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Where Point of View Goes Right - The Critical Error


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spacer.png Point of view issues keep more otherwise sellable authors from selling their work than nearly any other problem.

That’s why as an agent, author, and writing teacher, I always caution my clients, fellow writers, and students to play it safe when it comes to POV. And yet every once in a while I come across a story whose author threw caution to the wind so splendidly I am tempted to play around with point of view myself. If you find yourself so inclined, read on.

FIRST, THE RULES

As Picasso reminded us, “Learn the rules like a pro, so you can break them like an artist.” Here are the POV rules you need to observe long enough to master them before you break them:

1) No omniscient POV. (It’s considered old-fashioned these days, at least here in the U.S.)

2) When writing first-person, stick to one POV per book.

3) When writing third-person:

a) Stick to third-person close;

b) Use only one POV per scene;

c) Use no more than five POVs per book; and

d) The protagonist’s POV should predominate.

A caveat: The following explores how a few bestselling authors far more skilled than I—and probably you, too—took POV risks that worked big-time. So if this your first rodeo, you’re better off writing by the aforementioned rules. But sooner or later, regardless of your skill level, you’re going to want to break the rules. When you do, remember these examples of stories where the novelists’ POV gambles paid off.

FIRST-PERSON PLURAL POV

In two of my favorite novels of all time, the authors use first-person plural POV (we/us). In The Jane Austen Book Club, Karen Joy Fowler writes the story from the book club’s point of view. The book club members meet every month to discuss a Jane Austen novel, with unpredictable consequences for them all. (This 2004 novel is a must for all Austen fans; the film adaptation’s is fun, too, if not particularly faithful.) Here’s the opening:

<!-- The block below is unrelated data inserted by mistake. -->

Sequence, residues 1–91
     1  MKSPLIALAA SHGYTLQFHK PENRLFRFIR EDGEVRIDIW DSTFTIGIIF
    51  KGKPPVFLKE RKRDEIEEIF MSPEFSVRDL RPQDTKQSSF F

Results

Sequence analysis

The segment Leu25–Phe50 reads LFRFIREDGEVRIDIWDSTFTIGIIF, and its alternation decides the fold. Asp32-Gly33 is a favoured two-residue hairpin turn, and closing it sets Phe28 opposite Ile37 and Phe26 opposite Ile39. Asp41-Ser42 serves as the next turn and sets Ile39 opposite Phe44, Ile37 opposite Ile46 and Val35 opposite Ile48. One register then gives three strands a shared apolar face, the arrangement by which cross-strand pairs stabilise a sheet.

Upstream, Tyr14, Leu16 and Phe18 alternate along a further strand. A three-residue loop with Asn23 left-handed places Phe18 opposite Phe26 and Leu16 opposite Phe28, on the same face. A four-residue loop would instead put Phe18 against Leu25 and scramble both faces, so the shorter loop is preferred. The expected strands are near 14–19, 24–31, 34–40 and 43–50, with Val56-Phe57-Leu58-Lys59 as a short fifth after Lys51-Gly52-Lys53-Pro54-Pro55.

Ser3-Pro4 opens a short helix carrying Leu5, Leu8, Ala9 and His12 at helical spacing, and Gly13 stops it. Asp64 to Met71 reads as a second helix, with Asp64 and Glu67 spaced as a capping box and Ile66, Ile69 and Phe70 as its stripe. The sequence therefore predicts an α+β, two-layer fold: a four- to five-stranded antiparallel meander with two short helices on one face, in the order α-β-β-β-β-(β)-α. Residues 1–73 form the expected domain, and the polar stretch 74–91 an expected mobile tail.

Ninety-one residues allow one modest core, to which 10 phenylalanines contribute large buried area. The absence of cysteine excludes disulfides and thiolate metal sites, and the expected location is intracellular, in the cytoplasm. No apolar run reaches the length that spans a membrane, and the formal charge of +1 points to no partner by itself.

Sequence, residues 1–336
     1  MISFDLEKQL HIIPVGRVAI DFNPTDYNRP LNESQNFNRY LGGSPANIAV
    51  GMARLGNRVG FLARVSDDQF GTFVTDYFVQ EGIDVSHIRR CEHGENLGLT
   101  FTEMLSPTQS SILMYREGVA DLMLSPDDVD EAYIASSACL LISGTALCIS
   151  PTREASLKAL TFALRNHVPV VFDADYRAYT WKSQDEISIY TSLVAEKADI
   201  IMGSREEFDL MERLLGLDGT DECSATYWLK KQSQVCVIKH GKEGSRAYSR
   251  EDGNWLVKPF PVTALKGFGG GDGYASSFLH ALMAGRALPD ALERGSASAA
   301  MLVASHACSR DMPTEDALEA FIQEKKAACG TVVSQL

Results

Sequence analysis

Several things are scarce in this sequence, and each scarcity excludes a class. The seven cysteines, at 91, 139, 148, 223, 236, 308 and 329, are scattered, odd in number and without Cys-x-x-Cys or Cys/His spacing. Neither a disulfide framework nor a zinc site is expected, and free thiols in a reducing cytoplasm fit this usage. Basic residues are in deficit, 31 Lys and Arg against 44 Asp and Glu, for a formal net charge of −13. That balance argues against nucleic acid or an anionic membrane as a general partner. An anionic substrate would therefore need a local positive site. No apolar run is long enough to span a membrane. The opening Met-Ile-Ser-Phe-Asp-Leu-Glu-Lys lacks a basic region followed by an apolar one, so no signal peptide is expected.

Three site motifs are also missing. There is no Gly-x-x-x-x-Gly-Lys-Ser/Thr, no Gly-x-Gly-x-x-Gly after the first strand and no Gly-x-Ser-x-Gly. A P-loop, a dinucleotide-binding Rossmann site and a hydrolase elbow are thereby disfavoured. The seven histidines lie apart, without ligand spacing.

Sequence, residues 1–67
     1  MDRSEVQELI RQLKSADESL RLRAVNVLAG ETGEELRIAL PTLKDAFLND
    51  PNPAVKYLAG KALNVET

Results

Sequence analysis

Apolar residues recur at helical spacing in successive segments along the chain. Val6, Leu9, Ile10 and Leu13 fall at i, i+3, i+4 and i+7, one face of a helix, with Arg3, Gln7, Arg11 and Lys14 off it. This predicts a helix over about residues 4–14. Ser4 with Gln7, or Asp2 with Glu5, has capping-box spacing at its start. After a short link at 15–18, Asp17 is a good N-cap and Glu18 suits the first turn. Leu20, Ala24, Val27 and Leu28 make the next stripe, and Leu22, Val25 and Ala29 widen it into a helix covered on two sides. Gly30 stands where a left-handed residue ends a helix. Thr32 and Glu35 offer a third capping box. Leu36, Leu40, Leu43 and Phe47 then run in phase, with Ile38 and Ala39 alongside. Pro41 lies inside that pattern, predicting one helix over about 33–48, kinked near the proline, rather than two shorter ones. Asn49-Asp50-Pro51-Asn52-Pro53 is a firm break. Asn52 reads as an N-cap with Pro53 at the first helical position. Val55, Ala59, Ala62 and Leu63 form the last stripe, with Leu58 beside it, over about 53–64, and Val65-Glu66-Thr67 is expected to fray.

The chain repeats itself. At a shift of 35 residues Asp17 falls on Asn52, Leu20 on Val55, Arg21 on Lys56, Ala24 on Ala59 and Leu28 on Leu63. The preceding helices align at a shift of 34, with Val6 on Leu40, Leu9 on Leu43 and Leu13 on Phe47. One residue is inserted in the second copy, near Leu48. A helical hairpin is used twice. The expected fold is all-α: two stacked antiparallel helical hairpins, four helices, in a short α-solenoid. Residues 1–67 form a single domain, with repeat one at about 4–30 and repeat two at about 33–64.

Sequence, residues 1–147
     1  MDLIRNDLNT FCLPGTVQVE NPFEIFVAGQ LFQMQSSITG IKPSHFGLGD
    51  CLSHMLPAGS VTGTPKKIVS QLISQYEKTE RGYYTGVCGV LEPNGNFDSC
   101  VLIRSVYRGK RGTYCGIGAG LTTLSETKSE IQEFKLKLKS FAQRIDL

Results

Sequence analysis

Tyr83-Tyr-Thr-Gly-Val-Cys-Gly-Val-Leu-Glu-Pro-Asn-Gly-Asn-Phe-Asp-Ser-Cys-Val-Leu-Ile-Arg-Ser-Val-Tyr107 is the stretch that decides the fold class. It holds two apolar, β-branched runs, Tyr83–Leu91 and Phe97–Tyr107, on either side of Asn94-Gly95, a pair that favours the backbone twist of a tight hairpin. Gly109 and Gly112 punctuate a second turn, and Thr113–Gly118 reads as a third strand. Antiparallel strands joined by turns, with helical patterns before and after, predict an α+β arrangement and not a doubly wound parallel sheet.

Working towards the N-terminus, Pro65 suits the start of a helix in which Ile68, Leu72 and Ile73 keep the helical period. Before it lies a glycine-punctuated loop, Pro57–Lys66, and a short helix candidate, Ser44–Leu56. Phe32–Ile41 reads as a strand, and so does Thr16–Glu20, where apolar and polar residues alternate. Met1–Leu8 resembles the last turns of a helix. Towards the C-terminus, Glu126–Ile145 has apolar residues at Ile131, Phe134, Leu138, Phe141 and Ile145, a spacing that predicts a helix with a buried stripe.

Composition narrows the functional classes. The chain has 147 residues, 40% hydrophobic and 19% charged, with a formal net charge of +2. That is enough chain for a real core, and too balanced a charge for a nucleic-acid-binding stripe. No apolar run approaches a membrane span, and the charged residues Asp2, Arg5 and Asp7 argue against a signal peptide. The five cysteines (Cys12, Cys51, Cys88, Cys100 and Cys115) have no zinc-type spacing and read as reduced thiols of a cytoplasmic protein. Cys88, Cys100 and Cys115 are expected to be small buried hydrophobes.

Each of us has a private Austen.

Jocelyn’s Austen wrote wonderful novels about love and courtship, but never married. The book club was Jocelyn’s idea, and she handpicked the members…. We suspected a hidden agenda, but who would put Jane Austen to an evil purpose?

Irresistible, and we the readers fall in love with the literary, gossipy voice.

The same is true for Unlikely Animals, Annie Hartnett’s second novel, published just last month. A sort of “Our Town meets Alice Hoffman with a touch of John Irving,” this wonderful novel is written from the point of view of the dead people in the cemetery of the small New Hampshire town where the story is set. Which may sound morbid, but is not, as you can see from the opening lines:

Maple Street Cemetery

Everton, NH

43.3623° N, 72.1662° W

Years later, when people in Everton would tell this story, they would say it was Clive Starling who called the reporter, the way that man loved attention.

But we remember the way it happened….

Again, irresistible. We want to hear the real story, as told by the dearly departed, who know this town—past and present—better than anyone.

SECOND-PERSON POV

This POV (you/you) is rare, at least from my point of view. Only one immediately came to mind—Bright Lights, Big City, by Jay McInerney. This 1984 novel grabs readers from the very beginning, promising a ride as wild as the Eighties:

You are not the kind of guy who would be at a place like this at this hour of the morning. But here you are, and you cannot say that the terrain is entirely unfamiliar, although the details are fuzzy. You are at a nightclub talking to a girl with a shaved head.

And we’re off on the journey with McInerney, because we’re not that kind of guy either….and yet.

OMNISCIENT POV